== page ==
3. I think if they closed up the shop they are really closing up shop.

    Sad day, another EV initiative bites the dust.

  4. coda sounds like the teething problems Hyundai had. Hyundai had the pockets to come back. I think Coda would have done better in a market like hong kong or singapore or even japan or europe, then starting in the US

  5. That was my predication about 2 years ago.

    CODA will be lucky to make it past 2013.

    Fisker will be lucky to make it past 2014/2015.

    Mitsubishi will most likely cancel the i-Miev by 2014.

  6. Guess the future of a car company is only assured once they have grown to the point they are "too big to fail" and the cost of failure can passed on to the taxpayer like GM.

    Oh well, at least that got us the Volt, the car GM realised it needed to do after the EV-1 PR debacle just in case a new goverment coming to power on a platform of "change" might be less inclined to pull the tax payer's purse without proper green credentials. Guess that makes the Volt GM's most profitable car ever.

  7. @Chris O,

    You need to give it a rest to your hate toward GM's EV-1 program.

    It was a freaking 2 seater that was way too expensive for its time. How many 2-seater hybrid are sold recently? How many tiny electric cars sold recently? Less than 1%.

    As far as too big to fail, I am NOT here to debate. Toyota and Honda both received bailouts from Japanese government. Ford survived by seeing this coming and mortgaged everything they could, included the famous blue oval. So, the only thing GM didn't do is to mortgage everything.

    Sorry to burst your silly bubble, Telsa is assisted by the tax payer money as well.

    Unlike you, I don't think substandard EVs should represent EVs in general.

    What EV do you drive again?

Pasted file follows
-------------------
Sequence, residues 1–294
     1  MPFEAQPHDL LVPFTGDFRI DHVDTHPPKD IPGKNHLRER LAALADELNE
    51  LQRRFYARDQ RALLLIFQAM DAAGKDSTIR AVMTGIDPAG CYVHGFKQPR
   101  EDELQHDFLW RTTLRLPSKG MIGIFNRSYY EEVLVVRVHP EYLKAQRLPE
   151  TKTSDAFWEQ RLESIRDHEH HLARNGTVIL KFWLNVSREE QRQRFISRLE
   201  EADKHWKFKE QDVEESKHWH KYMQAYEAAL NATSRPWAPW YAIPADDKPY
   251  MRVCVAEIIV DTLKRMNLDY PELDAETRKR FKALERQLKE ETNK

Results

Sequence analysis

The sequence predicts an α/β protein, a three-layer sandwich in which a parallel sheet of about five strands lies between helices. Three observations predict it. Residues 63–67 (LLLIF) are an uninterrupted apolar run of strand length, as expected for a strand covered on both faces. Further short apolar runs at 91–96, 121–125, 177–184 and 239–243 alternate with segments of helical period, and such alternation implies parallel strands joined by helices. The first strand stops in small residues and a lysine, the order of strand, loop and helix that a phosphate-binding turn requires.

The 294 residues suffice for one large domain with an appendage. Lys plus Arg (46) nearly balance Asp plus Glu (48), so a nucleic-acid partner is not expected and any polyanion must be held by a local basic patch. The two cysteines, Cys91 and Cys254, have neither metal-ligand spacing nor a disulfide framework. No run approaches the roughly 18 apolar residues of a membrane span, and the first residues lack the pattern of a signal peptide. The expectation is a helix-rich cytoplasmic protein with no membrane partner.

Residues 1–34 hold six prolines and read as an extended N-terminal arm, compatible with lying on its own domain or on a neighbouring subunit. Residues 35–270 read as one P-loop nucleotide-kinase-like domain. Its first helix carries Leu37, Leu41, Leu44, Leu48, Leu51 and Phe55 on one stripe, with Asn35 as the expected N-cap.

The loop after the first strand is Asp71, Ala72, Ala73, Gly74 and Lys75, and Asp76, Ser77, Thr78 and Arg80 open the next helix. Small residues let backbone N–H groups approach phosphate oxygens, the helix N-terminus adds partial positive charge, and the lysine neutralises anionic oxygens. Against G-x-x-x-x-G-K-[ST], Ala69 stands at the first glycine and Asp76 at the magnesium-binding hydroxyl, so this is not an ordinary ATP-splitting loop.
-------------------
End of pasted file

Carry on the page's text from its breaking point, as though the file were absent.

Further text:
8. This is not about hate Xiaoling, it's about putting things in historic perspective. Even if you don't want to hear it, the way GM handled the EV-1 program was a major PR fiasco and knowing it would need a bailout one day GM no doubt did what it felt it needed to do to mend fences.

    No doubt with it's deep pockets GM could do an engineering job that was far superior to that of a struggling start up like Coda, but I think a bit of respect is in order for their efforts.

    Most of your comment is a bit neither here nor there frankly but trying to suggest that being allowed to have an opinion here is related to claims of EV ownership is really very lame, Xiaolong Li.

  9. Really? We are discussing the EV-1 program that ended 14 years ago? Don't you think it's time to move on?

  10. "No doubt with it's deep pockets GM could do an engineering job that was far superior to that of a struggling start up like Coda, but I think a bit of respect is in order for their efforts."

    Deep pocket?

    Or you mean capable engineering team? At the end of the day, it has to design something that is a good product.

    I don't care whether it is a from a startup like Tesla or a large auto maker like GM or Toyota. It has to be a good one.